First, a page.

“We were comfortably beaten by Cologne in the next round and our return to Germany certainly didn’t go as planned on that occasion, unfortunately. We gave ourselves a chance with a nice win at Ibrox but then lost 5 -0 outside and that’s it.
“To be honest, we’ve had a difficult season. Our league form just wasn’t consistent enough to fight for the title and lose in the final of both cup competitions – one against Aberdeen and the other against Celtic – was really tough to cash in on.
The task facing Rangers this time around is even more difficult. Dortmund may be behind the pace set by Bayern in the title race, but their status as potential Europa League winners tells its own story.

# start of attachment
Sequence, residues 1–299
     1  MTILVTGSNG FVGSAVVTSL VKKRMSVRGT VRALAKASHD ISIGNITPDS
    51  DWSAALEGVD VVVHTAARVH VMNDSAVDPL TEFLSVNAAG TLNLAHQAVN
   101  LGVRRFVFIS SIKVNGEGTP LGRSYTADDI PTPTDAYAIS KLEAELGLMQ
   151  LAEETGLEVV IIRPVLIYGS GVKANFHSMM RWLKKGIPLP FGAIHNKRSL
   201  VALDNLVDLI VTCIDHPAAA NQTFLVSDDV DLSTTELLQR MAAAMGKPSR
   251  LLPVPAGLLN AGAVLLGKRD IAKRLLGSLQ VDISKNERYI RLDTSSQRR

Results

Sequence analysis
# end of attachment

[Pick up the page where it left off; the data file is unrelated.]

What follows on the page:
Defending their Premiership title must come first for the champions this season, but the trip to Germany offers both respite and opportunity as Van Bronckhorst’s side aim to rise to the occasion.
“Everyone knows how impressive the Westfalenstadion is as an arena and I’m sure Rangers players will be looking forward to playing there next week,” Johnstone said.
“It’s a shame the Rangers supporters couldn’t travel in their numbers as it would have been a great trip for them and they would have given tremendous support to the team.
“It will be strange to only see 10,000 people inside the ground on Thursday night and we will see what kind of impact that has on both teams and how they deal with this reduced atmosphere.